You likely aren’t ‘tone-deaf’, either.

Following on from the previous article, No one has ‘no sense of rhythm’, let’s look at our innate sense of tone – because no one is ‘tone-deaf’ either (provided you aren’t actually deaf, or have amusia, of course).

Tone in everyday life

Read these two sentences of dialogue out loud:

“I went for a run today.”

“You went for a WHAT today?!”

 

If someone was listening to you, or you heard this conversation, how would they know that the second sentence was a question? Or that the ‘WHAT’ was so heavily emphasised? – By the tone of your voice.
Difference in tone means the difference between a statement, a question, sarcasm, happiness, sadness – it’s a huge part of communication through sound.

Someone speaking monotonously, mono(one)-ton(tone/note)-ously, sounds like a robot as we all know. If a monotonous person was to say, using only one tone:

‘This-is-the-great-est-day-of-my-life–‘

– most of us would doubt how truthful that statement was.

Tone is essential to expressing emotion – there’s no tone of voice in a text message so it’s easy to misunderstand someone unless they use appropriate punctuation (!?), emojies ( ;-P ), or acronyms (OMGROFLMAO).

Changes in tone also tell us things about our environment. If you were to close your eyes as an ambulance drove past, you would be able to tell when it was driving towards you (siren is higher pitched), and when it was driving away from you (or even if it drove away and turned back around).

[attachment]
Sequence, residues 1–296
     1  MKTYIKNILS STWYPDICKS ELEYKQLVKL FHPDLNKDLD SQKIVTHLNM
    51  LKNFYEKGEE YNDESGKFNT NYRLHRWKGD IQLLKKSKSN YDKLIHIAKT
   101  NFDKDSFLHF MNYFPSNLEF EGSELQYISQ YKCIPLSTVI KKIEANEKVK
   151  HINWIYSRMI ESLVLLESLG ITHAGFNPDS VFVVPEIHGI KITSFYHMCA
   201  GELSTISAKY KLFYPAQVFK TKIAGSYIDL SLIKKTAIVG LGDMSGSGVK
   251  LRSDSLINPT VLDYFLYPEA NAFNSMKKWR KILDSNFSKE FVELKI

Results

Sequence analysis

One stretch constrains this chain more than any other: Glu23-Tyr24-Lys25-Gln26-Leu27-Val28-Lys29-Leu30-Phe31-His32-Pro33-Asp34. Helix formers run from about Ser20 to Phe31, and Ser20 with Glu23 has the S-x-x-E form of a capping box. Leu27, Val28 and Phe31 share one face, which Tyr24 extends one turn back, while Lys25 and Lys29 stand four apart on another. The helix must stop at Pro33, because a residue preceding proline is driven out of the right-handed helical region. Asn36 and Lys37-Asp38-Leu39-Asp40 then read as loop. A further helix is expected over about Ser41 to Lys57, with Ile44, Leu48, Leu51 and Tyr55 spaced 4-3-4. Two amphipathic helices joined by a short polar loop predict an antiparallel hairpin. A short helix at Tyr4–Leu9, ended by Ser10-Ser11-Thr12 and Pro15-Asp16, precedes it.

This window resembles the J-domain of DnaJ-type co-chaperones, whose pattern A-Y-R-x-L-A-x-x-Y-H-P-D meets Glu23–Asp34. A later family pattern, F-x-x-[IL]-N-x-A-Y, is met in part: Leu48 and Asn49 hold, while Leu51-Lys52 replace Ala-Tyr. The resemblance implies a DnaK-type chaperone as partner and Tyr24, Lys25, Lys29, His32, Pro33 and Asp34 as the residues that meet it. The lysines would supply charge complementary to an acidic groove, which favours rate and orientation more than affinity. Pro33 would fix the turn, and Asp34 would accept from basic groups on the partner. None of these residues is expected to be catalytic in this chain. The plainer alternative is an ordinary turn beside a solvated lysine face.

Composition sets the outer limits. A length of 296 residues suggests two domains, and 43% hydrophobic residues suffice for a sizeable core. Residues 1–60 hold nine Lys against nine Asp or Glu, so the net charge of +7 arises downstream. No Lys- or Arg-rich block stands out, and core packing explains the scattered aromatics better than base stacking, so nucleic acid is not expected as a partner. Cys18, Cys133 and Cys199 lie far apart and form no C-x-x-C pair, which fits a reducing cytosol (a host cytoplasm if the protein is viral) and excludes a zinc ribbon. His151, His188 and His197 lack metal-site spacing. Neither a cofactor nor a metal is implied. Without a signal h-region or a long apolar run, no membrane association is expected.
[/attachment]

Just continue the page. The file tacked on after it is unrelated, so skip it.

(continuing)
We can hear that when birds sing there are multiple notes, not just one continuous pitch;
We hear the difference between a glass-shattering scream and a deep, terrifying growl;
And we can probably hear it when someone is really bad at singing and completely out of key (though they can probably learn how to sing more in tune).

Music is like language – it is a form of communication – But it’s different, like a language of it’s own. It can communicate things that you may not be able to communicate through language (and the opposite can be true too: you may not be able to communicate some things through music that you can through language– like how to do long division).

So, just as we did as infants who had to listen and practise using tone to ask questions, we have to listen carefully to music and practise using our vocal chords or instruments to make different tones and patterns of tones. With practise comes familiarity, and with enough familiarity we can become fluent in the language of music.

 

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